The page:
Newspaper article The Evening Standard (London, England)

Broad Must Step Up to the Crease If England Are to Stay No1 in World

Newspaper article The Evening Standard (London, England)

Broad Must Step Up to the Crease If England Are to Stay No1 in World

Article excerpt

[bar] TUART BROAD produced magic on this ground two years ago and England hope he can cast similar spells on South Africa with bat and ball as they try to remain the world's best Test team.

In the tarnished Lord's Test against Pakistan in 2010, remembered mainly for the spot-fixing scandal that engulfed the tourists, Broad hit a brilliant 169 to help rescue England from difficulty and place them in a match-winning position.

As a bowler, Broad has improved steadily throughout his international career. He was excellent in the second half of last summer and against Pakistan and Sri Lanka during the winter, but has not quite achieved that consistency this summer. He has also endured a frustrating time as a batsman. From his four previous Tests, Broad averages 13 and his top score is 25.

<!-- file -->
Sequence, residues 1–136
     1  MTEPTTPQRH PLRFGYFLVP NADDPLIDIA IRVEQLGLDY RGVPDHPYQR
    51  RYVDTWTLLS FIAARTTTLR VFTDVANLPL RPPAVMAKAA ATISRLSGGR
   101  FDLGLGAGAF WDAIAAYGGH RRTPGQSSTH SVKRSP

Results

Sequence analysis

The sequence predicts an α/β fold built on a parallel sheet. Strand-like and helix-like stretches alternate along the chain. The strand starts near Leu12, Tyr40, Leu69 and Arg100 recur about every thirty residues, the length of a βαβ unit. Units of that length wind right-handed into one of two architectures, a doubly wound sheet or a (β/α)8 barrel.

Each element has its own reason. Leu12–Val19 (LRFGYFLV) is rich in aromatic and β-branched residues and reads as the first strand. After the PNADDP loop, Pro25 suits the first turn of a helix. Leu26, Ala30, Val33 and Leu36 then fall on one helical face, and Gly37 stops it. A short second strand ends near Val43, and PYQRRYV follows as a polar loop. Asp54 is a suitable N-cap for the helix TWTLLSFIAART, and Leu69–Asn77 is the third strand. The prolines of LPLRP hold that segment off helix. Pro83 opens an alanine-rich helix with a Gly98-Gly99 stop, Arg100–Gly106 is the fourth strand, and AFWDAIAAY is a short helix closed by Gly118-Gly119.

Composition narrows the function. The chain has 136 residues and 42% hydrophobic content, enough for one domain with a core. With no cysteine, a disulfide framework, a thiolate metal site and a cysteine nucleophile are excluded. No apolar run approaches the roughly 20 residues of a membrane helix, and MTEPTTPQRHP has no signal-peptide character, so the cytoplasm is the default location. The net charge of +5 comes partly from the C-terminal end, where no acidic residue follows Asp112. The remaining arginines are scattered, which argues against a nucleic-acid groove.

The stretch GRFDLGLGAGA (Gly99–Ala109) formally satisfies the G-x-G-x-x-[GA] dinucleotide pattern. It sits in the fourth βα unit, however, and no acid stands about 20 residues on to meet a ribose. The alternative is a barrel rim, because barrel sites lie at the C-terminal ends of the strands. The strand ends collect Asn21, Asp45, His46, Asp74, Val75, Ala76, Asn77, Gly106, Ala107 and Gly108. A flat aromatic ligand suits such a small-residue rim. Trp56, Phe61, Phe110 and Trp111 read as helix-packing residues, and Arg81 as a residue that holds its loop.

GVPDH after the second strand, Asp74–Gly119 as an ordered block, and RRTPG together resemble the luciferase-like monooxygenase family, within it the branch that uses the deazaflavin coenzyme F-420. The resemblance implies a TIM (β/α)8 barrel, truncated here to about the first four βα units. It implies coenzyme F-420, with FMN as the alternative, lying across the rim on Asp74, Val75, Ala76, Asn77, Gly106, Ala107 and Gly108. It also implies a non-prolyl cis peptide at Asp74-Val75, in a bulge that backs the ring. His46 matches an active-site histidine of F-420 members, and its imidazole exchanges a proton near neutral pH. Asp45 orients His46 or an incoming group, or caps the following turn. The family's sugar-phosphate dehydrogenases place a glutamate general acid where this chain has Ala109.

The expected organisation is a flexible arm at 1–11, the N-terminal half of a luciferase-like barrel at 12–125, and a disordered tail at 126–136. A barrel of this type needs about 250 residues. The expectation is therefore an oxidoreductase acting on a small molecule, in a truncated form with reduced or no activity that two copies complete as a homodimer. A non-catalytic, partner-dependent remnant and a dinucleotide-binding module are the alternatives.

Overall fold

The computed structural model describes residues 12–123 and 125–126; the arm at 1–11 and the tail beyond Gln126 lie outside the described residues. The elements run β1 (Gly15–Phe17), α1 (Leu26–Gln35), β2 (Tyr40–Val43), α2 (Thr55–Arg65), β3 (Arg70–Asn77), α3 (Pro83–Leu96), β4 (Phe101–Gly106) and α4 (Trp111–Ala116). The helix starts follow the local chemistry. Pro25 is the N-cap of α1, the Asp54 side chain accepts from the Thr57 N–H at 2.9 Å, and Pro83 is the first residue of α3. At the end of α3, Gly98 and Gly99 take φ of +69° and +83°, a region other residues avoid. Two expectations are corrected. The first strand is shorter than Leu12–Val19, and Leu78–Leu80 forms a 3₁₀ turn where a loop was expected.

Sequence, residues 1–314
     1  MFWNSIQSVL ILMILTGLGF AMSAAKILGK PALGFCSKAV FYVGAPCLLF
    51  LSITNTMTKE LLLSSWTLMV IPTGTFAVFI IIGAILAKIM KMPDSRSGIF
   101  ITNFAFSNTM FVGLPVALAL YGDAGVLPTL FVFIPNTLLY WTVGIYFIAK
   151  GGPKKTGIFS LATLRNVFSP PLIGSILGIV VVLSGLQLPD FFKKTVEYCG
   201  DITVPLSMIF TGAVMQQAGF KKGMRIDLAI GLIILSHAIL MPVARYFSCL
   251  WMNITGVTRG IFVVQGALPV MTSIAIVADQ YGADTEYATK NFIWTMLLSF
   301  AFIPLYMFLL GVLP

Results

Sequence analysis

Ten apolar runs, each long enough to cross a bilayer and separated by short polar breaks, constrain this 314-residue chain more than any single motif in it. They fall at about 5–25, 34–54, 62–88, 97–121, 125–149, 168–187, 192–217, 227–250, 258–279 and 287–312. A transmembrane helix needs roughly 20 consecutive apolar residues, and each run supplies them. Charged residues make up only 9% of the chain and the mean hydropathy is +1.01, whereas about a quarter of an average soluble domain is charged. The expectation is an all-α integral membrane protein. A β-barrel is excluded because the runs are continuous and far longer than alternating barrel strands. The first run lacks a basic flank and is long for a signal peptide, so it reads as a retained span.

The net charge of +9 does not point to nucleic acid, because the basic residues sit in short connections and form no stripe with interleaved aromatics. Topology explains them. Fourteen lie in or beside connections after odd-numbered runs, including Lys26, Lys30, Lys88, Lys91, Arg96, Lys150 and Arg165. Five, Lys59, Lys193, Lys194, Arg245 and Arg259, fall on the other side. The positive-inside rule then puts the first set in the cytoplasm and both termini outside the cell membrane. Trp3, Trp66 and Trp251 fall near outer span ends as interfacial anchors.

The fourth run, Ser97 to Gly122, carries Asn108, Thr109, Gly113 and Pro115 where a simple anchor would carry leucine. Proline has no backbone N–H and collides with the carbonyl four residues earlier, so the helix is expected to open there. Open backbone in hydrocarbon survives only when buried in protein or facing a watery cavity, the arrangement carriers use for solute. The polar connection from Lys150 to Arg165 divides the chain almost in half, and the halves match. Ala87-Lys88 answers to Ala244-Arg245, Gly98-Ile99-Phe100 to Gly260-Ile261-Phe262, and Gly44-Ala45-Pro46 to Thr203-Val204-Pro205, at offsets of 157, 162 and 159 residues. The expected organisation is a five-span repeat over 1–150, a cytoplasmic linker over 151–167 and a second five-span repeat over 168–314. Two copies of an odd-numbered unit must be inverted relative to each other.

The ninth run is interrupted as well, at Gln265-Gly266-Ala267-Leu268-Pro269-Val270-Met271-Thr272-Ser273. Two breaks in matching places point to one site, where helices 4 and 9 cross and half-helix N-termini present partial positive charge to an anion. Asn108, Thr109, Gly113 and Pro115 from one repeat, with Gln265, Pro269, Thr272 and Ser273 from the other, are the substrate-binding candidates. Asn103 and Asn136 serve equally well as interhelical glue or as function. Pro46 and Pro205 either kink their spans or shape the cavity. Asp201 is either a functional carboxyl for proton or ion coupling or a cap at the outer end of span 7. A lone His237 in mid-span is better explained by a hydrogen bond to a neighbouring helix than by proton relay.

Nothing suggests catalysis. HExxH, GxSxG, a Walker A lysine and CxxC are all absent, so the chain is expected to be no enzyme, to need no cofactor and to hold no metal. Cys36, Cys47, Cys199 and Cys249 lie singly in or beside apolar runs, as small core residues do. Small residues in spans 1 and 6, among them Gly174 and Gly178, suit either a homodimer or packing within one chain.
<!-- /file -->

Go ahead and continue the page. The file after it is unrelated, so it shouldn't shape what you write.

Broad can be an explosive, menacing bowler yet these qualities have not been on show as often as he would have liked in this series. The absence of Tim Bresnan, sent back to play for Yorkshire when England chose Steve Finn as their third seamer, means there is greater need for Broad to combine aggression with responsibility when he bats.

England expect runs from their No8.

With the inexperienced James Taylor and Jonny Bairstow in the middle order, Broad's seniority within the team will extend beyond his bowling duties.

Broad's strength as a batsman is to assert himself -- as well as his 169, he has nine half-centuries, made often on the counter-attack -- but the risk is that the rush of adrenaline weakens his judgement. At Headingley, Broad could have lent useful support to Matt Prior in England's first innings, but instead was caught off Imran Tahir, attempting a huge heave over midwicket after he had scored only one.

Broad enjoys the big stage and is the kind of cricketer who expects, rather than hopes, that he will perform well. A key man for England in all forms, Broad rejects suggestions that playing Test, one-day and Twenty20 cricket is draining his reserves of energy.

"The England set-up is very well managed now," Broad told ESPNcricinfo. "Andrew Flintoff just played until he broke. …

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